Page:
Seriously? Is this kind of thing so frequent now that we've simply become numb to it? Is our reaction to this emerging form of senseless urban violence a quick log of the body count and confirmation that the city where it happened isn't too close to home? Does this represent the new normal?
I hope not. Because if it does, we've all got problems greater than a simple inability to see the latest flick at the local cineplex. Somewhere along the way, we seem to have lost the script, and that saddens me beyond words.
I'm speechless, (with plenty of reflecting time) after one of those packed rush hours with people already on the edge. You can just feel it before you look at them straight in the eyes. I've always wondered what goes on in some people's heads sometimes with strangers even just on your neighborhood freeway? But for anyone to opening shoot into a crowd of people? Where has that person been and what is going on with them? A meeting of the minds of those around a person like that is so important. Of course I know my mother would remind me, midnight hour and the type of movie it was?????? Either way it's no excuse to take another's life, ever.
Carmi, I hate to tell u, but I think people are numb to this... I think folks love news that sensationalizes no matter how negative it is... I remember when the Lakers won one of their championships and the folks were so thrilled they looted, burned, etc., the area. How whacked is that?
The older I get, I have less confidence in people... They keep getting dumber and dumber.
And one of the victims who died, a sports reporter, was at the shooting in the Eaton Center last month. :/
I'm not sure much has changed -- except the choice of weapons. Really, this could be a scene out of the old west at a county fair. Or it could've been vikings sacking a fishing village on market day. Or we could go farther back in time and conjure up similar images.
We like to think we're all civilized beyond violence now, but we aren't. Not really.
Remember that WWI was called "the war to end all wars." Yeah, right. Like that happened.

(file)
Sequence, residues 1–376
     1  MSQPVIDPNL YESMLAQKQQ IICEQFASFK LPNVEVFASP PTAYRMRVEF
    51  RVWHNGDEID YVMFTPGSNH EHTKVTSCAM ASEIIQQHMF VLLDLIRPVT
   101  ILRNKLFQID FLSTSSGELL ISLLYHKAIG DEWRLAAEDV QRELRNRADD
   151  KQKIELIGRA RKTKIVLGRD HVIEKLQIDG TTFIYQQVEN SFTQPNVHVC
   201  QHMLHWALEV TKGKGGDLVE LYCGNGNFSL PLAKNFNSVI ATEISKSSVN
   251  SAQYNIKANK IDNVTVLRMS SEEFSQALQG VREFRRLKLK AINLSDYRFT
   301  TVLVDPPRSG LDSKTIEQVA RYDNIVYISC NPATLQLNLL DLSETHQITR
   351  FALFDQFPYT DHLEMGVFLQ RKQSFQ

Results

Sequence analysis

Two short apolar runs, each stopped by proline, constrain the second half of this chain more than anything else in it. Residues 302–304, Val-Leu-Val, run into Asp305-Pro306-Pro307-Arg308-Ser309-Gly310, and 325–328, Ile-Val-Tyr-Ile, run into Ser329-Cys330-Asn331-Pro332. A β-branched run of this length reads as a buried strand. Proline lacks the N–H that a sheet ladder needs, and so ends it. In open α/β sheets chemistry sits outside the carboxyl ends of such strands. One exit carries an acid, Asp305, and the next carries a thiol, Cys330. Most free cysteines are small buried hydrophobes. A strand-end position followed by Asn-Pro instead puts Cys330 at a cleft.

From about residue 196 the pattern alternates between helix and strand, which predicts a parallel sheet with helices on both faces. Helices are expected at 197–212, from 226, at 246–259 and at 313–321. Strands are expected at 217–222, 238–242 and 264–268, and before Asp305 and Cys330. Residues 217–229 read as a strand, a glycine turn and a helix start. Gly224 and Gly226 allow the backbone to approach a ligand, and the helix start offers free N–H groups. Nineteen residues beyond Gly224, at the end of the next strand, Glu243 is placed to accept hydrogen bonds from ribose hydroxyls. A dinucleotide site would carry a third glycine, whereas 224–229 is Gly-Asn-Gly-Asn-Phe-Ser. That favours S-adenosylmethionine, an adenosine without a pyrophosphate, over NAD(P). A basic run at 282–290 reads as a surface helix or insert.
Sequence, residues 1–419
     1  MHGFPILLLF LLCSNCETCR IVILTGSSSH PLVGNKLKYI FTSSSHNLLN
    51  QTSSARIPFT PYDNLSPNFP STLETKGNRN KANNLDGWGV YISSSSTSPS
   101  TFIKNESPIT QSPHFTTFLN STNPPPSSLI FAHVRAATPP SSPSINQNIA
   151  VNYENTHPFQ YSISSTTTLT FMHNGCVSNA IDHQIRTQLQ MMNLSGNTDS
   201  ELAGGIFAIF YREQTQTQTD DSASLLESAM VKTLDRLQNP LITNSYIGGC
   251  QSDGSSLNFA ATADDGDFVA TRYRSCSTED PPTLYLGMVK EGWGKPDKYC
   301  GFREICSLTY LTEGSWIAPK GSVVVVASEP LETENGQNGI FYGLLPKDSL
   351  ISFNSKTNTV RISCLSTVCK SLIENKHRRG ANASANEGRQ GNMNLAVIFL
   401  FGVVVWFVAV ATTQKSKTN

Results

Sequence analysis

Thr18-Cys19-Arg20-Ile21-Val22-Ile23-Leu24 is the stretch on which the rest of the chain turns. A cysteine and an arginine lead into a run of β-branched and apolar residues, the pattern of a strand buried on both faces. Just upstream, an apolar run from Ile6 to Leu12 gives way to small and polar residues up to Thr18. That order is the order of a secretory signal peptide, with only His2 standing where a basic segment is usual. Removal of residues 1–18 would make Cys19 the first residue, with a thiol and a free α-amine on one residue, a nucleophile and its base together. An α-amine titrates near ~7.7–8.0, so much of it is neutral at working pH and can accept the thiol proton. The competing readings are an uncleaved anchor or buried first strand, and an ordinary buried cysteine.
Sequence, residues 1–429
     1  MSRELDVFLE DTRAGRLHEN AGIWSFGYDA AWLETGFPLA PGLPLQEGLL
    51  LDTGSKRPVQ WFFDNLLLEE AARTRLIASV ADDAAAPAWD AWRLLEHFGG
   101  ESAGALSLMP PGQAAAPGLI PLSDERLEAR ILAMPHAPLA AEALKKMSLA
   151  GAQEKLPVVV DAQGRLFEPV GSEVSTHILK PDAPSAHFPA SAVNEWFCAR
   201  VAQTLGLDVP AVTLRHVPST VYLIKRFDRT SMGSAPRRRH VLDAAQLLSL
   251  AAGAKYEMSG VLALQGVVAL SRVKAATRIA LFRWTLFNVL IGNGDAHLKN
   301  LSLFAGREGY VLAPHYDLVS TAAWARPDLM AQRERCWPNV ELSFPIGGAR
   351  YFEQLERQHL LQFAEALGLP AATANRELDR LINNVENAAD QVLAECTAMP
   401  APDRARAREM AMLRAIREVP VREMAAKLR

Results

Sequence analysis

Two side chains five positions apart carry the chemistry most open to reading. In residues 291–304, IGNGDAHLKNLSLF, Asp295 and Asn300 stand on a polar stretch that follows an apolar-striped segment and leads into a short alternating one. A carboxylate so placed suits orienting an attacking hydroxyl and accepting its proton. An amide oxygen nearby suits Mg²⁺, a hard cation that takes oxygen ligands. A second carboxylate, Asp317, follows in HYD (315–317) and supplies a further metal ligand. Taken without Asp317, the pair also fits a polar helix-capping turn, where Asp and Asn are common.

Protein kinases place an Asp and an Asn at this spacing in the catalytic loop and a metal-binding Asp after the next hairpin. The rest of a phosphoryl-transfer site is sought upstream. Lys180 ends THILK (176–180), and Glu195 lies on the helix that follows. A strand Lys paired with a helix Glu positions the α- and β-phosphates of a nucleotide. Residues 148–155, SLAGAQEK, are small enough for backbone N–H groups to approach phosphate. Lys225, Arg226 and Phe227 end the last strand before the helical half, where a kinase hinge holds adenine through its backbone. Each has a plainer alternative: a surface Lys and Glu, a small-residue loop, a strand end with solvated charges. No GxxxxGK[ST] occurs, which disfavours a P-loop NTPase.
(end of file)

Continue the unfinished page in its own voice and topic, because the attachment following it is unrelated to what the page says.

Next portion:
I think it's important to recognize the distinction between this kind of "spree killing" and the steady, night-by-night drumbeat of murder in American cities. Spree killers have always existed, as Lisa points out. They will always find a way to kill large numbers of people when they find themselves at the nexus of mental illness and helpless rage. That they are common in America is reflective of American culture - how Americans view themselves. We are raised with the belief that it is better to fight than negotiate - Americans often think of compromise as 'appeasement'. And there is a strong belief in American culture that the best conflict resolution mechanism is violence.
The much more horrific everyday bloodshed in the US is created more from the absurd availability of firearms rather than any human or cultural condition. While we would find it difficult to put an end to spree killers, we could certainly make immediate progress on reducing the availability of lethal weapons in our cities - all it would take is the political will to do so, which is non-existent today.
In this house in Aurora, a mere 15 minutes from the theater where the shooting occured, there is disbelief and a bit longer snuggling time spent with the nearly 5 month old child sheltered by these walls. I am only a guest here this summer, yet I watched first my son-in-law and then my daughter struggle with the "WHY", the horrificness, and the senselessness of the event.
Yes, the atmosphere is one of grief and disbelief. Yet we add our prayers for all affected (which includes the human race). So this house is not numb to the event--even if other parts of the world are numb or fascinated by the sickness of the act.
I hope it isn't the norm either, but sadly it would appear so sometimes. Too many people are worried about the government taking away their guns and cigarettes and care less about little else.
it is not the new normal
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